That's Just the Way It Is

From Wikipedia, the free encyclopedia
Jump to navigation Jump to search

"That's Just the Way It Is"
That's Just the Way It Is.jpg
Single by Phil Collins
from the album ...But Seriously
B-side"Broadway Chorus"
Released28 July 1990[1]
Format7", CD, Cassette
LabelAtlantic, Virgin, WEA
Songwriter(s)Phil Collins
Producer(s)Phil Collins, Hugh Padgham
Phil Collins singles chronology
"Something Happened on the Way to Heaven"
"That's Just the Way It Is"
"Do You Remember?"

"That's Just the Way It Is" is a single performed by Phil Collins and David Crosby that was released in 1990 from the 1989 album ...But Seriously. The song was only released as a single in Europe and Australasia, while "Do You Remember?" was instead released in the United States. The song reached #26 in the UK Singles Chart.

The song, according to Collins, is an anti-war ballad that heavily deals with The Troubles of Northern Ireland. The song itself was positively received by most critics. The B-side to the song was "Broadway Chorus", the demo version of "Something Happened on the Way to Heaven".

Song history[edit]

The song is an anti-war ballad, about the conflict in Northern Ireland, The Troubles.[2][3][4] Collins said, in an interview, "It's about Northern Ireland as far as I am concerned. Which in England we are used to it all the time, I mean Ireland of course, it's on the doorstep but everywhere else in the world it's... just another news report, but if you are living in England and you just sort of constantly [hear of] people getting blown to smithereens because this thing that's been going on for the last twenty—but also for a lot longer in Ireland, it's only just come to the front in the last twenty years. You see newsreels of kids throwing petrol bombs because their brothers throw them and then their dads throw them and their dad's dad and it's just bred, inbred, now this violence and I just thought someone somewhere, and it's got to be from both sides, has got to say 'Hang on, life means more than this. This has got to stop.'"[5]

David Crosby is featured in backing vocals in the song, and even sings a duet with Collins at times. During live performances of the song, Collins would precede it with a monologue about what he thought were the "evils of war".[6] The San Jose Mercury News criticized this, saying, "But instead of reinforcing his persona as rock's Good Old Bloke, it came across as a piece of show biz, as if he wasn't feeling it but simply reading it."[6] The B-side of the single was "Broadway Chorus", a demo version of another hit single from the album, "Something Happened on the Way to Heaven".

Track listing[edit]

  1. "That's Just the Way It Is" – 5:19
  2. "Broadway Chorus" ("Something Happened on the Way to Heaven" Demo Version) – 4:17
  3. "In The Air Tonight" (Extended Version) – 7:35


Don McLeese of The Chicago Sun-Times said that David Crosby was "used more effectively" on this song than any other song which had Crosby on the album.[7] The Pittsburgh Post-Gazette however, said that the song was "so lyrically vague it lacked punch".[8] Jon Pareles of The New York Times thought that the song "[echoed] Bruce Hornsby in tone and title".[9] The San Jose Mercury News thought the song was "pretty".[10] Lennox Samuels of The Dallas Morning News thought that the song "starts out as if it is going to be another "In the Air Tonight"..."before it moves into being an anti-war song".[11] Meanwhile, The Atlanta Journal Constitution thought that Crosby's vocals "lends challenging harmony".[12]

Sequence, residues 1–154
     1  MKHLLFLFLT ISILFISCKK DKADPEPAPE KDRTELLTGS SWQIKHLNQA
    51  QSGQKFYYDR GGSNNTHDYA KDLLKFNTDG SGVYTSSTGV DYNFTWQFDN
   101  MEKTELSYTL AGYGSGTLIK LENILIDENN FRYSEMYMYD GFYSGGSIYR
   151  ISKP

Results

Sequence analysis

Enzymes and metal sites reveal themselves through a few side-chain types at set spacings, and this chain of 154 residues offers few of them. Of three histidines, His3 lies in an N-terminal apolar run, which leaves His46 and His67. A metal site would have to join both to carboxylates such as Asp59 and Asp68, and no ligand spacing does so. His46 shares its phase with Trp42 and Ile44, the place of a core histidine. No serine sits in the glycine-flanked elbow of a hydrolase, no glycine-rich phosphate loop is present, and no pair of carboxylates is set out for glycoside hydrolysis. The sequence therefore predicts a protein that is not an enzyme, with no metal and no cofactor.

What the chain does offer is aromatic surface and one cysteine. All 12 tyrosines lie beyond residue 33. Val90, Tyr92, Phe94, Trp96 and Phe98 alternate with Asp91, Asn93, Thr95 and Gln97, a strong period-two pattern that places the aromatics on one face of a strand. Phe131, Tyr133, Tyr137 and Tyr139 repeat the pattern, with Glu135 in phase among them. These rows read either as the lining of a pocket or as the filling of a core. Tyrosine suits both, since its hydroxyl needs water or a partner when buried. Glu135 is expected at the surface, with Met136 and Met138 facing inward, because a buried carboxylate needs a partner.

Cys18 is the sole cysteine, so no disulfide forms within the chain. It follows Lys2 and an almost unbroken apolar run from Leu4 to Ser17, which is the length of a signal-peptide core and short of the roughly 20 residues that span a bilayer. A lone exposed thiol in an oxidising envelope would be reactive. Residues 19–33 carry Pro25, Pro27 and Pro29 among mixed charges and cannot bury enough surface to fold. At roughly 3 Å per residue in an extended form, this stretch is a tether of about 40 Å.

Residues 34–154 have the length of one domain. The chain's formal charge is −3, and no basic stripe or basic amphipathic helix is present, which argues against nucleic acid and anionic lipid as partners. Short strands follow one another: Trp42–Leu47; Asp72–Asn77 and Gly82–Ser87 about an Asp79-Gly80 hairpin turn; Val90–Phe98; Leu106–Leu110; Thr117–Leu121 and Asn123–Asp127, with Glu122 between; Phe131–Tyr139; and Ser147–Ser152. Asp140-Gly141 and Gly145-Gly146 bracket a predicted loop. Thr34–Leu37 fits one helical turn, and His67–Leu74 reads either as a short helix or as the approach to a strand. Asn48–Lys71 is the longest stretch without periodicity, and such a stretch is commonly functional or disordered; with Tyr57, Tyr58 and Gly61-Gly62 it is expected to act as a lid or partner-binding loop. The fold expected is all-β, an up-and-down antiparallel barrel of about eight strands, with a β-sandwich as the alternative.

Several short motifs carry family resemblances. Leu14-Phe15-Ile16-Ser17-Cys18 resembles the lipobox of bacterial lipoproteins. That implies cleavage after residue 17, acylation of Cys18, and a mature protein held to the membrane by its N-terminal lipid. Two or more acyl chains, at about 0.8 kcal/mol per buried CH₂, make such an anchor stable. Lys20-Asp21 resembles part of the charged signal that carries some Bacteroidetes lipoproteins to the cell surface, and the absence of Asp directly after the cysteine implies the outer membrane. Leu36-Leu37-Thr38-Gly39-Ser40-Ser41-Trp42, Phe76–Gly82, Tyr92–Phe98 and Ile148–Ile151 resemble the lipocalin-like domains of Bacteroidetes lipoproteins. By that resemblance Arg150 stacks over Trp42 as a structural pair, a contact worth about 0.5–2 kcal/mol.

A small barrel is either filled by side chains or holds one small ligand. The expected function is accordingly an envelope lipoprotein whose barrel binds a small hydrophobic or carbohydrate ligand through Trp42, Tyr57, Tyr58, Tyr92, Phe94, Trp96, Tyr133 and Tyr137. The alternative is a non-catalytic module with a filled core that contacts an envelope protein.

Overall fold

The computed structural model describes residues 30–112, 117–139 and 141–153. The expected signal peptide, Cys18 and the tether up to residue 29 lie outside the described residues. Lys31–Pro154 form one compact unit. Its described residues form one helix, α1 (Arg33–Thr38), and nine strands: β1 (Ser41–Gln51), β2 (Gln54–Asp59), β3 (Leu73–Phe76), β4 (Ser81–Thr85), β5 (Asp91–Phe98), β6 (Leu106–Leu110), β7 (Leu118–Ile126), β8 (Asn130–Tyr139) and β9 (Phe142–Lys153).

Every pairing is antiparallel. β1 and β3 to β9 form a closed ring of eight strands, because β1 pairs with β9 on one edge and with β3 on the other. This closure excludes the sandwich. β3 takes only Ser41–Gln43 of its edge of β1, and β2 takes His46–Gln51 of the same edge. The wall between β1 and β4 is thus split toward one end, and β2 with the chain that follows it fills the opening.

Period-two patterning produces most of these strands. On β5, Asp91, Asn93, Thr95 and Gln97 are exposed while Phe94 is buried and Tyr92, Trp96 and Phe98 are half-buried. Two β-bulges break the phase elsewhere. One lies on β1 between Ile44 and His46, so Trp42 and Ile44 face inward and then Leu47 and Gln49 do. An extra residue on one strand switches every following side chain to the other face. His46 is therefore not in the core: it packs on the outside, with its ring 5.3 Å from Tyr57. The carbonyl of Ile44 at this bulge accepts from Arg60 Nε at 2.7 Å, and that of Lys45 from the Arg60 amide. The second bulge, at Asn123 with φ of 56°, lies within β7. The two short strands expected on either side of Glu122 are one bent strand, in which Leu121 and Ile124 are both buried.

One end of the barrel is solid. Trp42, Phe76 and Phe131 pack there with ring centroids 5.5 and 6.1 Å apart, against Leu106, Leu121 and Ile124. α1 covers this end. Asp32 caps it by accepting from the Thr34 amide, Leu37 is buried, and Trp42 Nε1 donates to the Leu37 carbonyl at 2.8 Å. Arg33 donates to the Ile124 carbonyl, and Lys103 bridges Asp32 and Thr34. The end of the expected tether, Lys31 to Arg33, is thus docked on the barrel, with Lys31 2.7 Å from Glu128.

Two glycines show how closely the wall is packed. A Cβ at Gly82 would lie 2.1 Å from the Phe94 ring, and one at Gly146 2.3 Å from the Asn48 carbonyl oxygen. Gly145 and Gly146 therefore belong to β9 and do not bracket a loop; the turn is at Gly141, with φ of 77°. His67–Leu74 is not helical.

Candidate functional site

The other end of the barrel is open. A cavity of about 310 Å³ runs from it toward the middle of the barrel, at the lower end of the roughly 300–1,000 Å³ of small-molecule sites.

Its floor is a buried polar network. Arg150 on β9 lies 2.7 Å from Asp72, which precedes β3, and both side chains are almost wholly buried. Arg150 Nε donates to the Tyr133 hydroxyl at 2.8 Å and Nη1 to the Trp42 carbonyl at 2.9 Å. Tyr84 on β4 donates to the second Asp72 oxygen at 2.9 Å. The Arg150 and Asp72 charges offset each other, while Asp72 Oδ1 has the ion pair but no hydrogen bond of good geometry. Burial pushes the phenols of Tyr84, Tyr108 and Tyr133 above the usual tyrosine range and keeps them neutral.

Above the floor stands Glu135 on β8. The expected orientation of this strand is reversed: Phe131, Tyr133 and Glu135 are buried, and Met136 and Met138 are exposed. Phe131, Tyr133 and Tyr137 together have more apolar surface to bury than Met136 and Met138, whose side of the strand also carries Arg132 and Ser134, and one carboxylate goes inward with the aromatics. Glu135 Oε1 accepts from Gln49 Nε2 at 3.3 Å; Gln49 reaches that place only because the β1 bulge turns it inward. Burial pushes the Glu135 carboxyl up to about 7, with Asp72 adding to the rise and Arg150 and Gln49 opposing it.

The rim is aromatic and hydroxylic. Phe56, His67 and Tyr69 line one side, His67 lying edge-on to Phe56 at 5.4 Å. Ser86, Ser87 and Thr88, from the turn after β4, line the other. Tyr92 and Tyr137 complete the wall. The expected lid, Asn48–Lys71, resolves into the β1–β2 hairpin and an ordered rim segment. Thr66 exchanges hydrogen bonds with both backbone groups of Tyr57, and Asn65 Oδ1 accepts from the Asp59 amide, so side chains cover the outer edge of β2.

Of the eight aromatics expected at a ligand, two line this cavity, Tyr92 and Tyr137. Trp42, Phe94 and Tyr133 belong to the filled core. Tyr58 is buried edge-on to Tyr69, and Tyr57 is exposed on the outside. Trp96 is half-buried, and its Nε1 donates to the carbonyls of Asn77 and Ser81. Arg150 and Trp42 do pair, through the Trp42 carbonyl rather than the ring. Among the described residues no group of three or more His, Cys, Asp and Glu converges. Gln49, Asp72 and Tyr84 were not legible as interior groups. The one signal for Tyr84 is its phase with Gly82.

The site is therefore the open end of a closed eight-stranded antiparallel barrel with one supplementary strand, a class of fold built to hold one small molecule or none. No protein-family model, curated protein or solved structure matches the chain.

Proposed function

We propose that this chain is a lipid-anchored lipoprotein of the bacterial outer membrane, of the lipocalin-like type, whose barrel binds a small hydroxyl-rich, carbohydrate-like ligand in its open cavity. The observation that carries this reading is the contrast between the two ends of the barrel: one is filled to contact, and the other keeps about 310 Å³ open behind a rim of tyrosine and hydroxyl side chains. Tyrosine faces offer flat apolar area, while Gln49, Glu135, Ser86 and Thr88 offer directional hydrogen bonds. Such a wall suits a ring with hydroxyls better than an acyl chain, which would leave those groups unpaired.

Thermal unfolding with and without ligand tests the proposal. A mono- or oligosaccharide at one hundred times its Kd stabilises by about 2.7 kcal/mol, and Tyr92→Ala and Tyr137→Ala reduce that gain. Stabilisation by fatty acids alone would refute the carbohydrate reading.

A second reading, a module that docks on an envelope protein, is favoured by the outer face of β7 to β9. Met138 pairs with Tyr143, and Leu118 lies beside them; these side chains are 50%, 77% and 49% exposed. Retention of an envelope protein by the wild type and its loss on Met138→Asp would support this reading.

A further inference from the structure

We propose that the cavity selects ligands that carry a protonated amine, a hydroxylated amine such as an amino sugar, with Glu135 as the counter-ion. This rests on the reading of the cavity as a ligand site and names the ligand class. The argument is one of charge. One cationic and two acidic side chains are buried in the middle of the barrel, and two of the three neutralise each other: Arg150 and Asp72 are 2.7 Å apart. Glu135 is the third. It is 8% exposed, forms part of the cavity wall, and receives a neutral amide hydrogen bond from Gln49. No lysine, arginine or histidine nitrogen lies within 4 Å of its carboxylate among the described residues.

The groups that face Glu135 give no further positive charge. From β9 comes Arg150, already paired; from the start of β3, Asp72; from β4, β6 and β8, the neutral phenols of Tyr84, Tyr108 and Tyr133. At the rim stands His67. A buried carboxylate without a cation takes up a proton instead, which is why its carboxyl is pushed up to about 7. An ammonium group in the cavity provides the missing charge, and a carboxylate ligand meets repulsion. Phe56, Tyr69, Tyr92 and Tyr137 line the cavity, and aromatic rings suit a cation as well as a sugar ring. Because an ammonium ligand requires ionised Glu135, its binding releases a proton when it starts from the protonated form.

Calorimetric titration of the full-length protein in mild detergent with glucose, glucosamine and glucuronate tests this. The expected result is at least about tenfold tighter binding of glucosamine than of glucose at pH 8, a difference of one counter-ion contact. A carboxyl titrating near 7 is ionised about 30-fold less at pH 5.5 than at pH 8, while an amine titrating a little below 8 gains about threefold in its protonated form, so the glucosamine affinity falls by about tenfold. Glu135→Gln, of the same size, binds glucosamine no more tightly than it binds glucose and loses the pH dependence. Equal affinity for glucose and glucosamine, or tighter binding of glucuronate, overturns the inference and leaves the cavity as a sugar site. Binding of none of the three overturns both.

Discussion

Chart performance[edit]

Chart (1990) Peak
Belgian (Flanders) Singles Chart 19
Dutch Singles Chart 13
German Singles Chart 51
Swiss Singles Chart 29
UK Singles Charts[14] 26
Zimbabwe Singles Chart[15] 9



  1. ^ "That's Just The Way It Is / Broadway Chorus (demo)". The Genesis Archive. 23 March 2013. Retrieved 24 August 2013.
  2. ^ Steve Morse (4 December 1989). "Phil Collins Shows His Serious Side". The Boston Globe. Retrieved 12 April 2009.
  3. ^ Steve Morse (7 June 1990). "Phil Collins' 'Serious' Side Wins Respect". The Boston Globe. Retrieved 12 April 2009.
  4. ^ "Collins Fills Arco with Some Serious Fun". The Sacramento Bee. 22 September 1990. Retrieved 12 April 2009.
  5. ^ "Phil Collins interview". WEA. 1989. Archived from the original on 7 December 2008. Retrieved 12 April 2009.
  6. ^ a b "Collins' Pop Simply Fizzled at Shoreline". San Jose Mercury News. 19 September 1990. Retrieved 12 April 2009.
  7. ^ Don McLeese (30 November 1990). "Phil Collins Takes Stern, Safe Approach to "Seriously" Album". The Chicago Sun-Times. Retrieved 12 April 2009.
  8. ^ "Music, Comedy Interesting Mix for Phil Collins". Pittsburgh Post-Gazette. 30 August 1990. Retrieved 12 April 2009.
  9. ^ Jon Pareles (2 June 1990). "Review/Pop; An Evening of Phil Collins, Seriously". The New York Times. Retrieved 12 April 2009.
  10. ^ "D'Arby's a Borrower". San Jose Mercury News. 17 December 1989. Retrieved 12 April 2009.
  11. ^ Lennox Samuels (17 December 1989). "Slowhand's Still Firmly Ensconced in the Comfort Zone". Dallas Morning News. Retrieved 12 April 2009.
  12. ^ "Reviews: Records: Pop". The Atlanta Journal Constitution. 16 December 1989. Retrieved 12 April 2009.
  13. ^'s-Just-The-Way-It-Is-2156
  14. ^ "Phil Collins - But Seriously tracks and credit". Archived from the original on 8 April 2009. Retrieved 12 April 2009.
  15. ^ * Zimbabwe. Kimberley, C. Zimbabwe: singles chart book. Harare: C. Kimberley, 2000

External links[edit]